Numsa calls out Retail Motor Industry Organisation over wage deal
Cape Town - Members of the provincial National Union of Metalworkers of SA (Numsa) picketed outside the Retail Motor Industry Organisation (RMI) offices in Parow yesterday, demanding the urgent ratification of the settlement agreement on wage increase.
The union said the 8% wage agreement which was signed in January last year had not been ratified due to the RMI’s deliberate attempts to frustrate the operations of the Motor Industry Bargaining Council (Mibco).
Numsa general secretary Irvin Jim: “This delay meant that thousands of employees and their families had not yet received the increase and they have suffered irreparable losses because of the shenanigans of the RMI.
“Even in the face of a global pandemic, this employer has shown an absolute callousness for the value of human life. They do not care at all about the suffering of workers and their families and have done everything possible to delay the ratification of the agreement and ensure that ultimately, it is not gazetted.
“They even went as far as supporting the fraudulent membership of National Employers’ Association of South Africa at Mibco.
“We demand that RMI must stop playing games with workers’ lives and ratify the wage agreement at Mibco,” he said.
Numsa regional secretary Vuyo Lufele said RMI was refusing to attend a Mibco meeting that would take a decision to adopt the agreement and send it for gazetting, which would ultimately lead to extension of the agreement to non-parties.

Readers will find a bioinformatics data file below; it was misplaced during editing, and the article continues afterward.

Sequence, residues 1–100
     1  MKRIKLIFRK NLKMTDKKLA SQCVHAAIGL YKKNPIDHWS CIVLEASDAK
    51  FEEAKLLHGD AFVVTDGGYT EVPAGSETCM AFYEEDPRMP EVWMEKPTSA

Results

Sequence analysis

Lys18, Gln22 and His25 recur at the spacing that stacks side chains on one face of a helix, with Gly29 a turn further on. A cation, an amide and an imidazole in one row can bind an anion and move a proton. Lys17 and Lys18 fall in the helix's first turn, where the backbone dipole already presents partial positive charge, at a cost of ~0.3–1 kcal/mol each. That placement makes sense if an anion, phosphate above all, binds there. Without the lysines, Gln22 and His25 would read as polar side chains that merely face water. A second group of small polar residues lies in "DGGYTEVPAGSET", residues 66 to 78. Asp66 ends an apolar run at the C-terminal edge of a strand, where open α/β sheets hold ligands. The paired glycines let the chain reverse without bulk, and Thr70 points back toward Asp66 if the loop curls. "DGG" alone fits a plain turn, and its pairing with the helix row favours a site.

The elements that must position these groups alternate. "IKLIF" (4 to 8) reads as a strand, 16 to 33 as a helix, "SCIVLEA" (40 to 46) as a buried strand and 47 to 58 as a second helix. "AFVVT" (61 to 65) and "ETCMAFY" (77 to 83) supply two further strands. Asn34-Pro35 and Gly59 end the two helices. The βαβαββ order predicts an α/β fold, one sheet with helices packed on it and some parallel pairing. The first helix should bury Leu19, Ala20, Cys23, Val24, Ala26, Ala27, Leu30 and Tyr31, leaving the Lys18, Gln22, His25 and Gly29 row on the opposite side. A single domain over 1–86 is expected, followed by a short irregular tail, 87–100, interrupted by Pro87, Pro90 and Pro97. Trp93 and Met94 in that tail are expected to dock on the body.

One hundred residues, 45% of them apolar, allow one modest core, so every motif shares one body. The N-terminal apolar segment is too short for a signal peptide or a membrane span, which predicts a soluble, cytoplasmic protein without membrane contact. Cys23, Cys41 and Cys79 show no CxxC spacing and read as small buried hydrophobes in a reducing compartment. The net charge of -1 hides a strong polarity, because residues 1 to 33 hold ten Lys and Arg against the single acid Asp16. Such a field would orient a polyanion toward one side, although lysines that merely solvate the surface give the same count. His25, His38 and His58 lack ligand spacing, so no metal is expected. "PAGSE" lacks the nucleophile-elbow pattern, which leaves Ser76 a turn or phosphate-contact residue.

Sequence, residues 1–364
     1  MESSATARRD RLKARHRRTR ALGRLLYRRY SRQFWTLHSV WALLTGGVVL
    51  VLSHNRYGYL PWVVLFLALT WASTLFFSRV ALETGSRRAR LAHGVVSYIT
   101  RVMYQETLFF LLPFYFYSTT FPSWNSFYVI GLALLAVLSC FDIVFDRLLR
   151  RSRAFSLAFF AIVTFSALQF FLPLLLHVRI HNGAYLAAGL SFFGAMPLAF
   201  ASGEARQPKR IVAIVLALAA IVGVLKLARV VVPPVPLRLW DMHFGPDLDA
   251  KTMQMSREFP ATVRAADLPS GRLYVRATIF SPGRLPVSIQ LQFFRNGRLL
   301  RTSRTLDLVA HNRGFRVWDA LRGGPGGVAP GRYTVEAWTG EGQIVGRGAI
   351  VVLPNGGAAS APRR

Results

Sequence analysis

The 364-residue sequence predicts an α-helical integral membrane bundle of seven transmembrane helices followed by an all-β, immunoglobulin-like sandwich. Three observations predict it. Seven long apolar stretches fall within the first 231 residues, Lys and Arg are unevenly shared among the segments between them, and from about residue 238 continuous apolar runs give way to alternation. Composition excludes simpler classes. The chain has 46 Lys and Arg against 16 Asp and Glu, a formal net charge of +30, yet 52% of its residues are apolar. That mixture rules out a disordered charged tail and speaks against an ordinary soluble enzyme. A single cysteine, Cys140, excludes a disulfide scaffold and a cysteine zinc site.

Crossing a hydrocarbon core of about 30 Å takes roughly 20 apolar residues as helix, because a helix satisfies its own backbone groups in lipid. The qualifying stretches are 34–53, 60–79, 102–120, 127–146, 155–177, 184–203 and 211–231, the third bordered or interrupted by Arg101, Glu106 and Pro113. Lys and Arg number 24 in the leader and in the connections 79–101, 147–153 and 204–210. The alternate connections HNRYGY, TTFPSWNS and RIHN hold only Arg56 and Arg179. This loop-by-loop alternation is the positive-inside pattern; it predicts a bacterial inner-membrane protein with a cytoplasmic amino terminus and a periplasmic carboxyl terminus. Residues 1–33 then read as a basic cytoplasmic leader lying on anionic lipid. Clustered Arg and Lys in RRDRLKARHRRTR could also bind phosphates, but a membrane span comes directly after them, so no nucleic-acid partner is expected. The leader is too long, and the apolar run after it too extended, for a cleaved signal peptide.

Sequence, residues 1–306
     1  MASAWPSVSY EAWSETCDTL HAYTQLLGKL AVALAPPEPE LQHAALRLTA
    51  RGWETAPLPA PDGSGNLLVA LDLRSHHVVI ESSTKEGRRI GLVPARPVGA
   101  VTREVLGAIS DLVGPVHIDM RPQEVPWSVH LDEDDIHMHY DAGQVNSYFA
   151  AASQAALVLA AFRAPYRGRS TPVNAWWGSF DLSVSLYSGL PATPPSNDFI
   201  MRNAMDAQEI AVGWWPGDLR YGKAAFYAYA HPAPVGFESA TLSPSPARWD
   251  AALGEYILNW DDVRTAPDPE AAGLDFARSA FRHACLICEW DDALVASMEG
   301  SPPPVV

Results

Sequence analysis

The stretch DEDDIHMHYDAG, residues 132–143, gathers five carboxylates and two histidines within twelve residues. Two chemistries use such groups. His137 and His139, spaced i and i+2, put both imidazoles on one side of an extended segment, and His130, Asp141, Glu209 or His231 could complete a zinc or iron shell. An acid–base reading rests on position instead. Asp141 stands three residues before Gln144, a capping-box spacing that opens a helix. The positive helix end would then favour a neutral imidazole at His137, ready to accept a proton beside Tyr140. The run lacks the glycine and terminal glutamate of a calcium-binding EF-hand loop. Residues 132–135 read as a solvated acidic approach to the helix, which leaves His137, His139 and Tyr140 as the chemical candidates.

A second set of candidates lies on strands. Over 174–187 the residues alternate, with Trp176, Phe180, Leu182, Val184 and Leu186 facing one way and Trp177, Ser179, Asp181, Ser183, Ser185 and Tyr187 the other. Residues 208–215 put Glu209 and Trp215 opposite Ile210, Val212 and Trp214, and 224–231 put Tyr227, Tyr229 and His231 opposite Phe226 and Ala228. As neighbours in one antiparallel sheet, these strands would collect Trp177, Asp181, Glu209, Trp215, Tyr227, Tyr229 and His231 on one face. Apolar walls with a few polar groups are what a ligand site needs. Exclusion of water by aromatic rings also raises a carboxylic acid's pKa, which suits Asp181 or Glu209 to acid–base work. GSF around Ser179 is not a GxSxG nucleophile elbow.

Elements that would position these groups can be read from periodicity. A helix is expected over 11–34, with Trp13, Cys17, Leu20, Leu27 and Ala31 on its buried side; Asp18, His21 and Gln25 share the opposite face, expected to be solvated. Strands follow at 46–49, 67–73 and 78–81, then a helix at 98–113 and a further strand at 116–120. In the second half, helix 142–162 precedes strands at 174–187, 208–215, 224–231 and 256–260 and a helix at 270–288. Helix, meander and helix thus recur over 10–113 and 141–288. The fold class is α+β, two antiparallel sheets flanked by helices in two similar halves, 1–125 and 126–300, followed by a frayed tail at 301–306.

“They have told Mibco that they are not available for the meeting for October and November,” he said.
RMI CEO Jan Schoeman said contrary to the statement issued by Numsa, the RMI alone could not ratify the wage agreement and required a resolution by Mibco.
Schoeman said Mibco was in the process of convening a general meeting of councillors to ratify the agreement.
“It should be noted that the agreement was not signed in January 2019, but in January 2020 after numerous demands by the RMI for Numsa to do so.
“The RMI eventually placed Numsa on terms to sign the agreement to avoid any further delays,” he said.
Schoeman said the Numsa statement which claimed that thousands of employees had not yet received the 8% increase which was secured in the last round of wage talks was partially true.
He said many employers had implemented the increases on a voluntary basis and that there was not a standard 8% increase for all employees.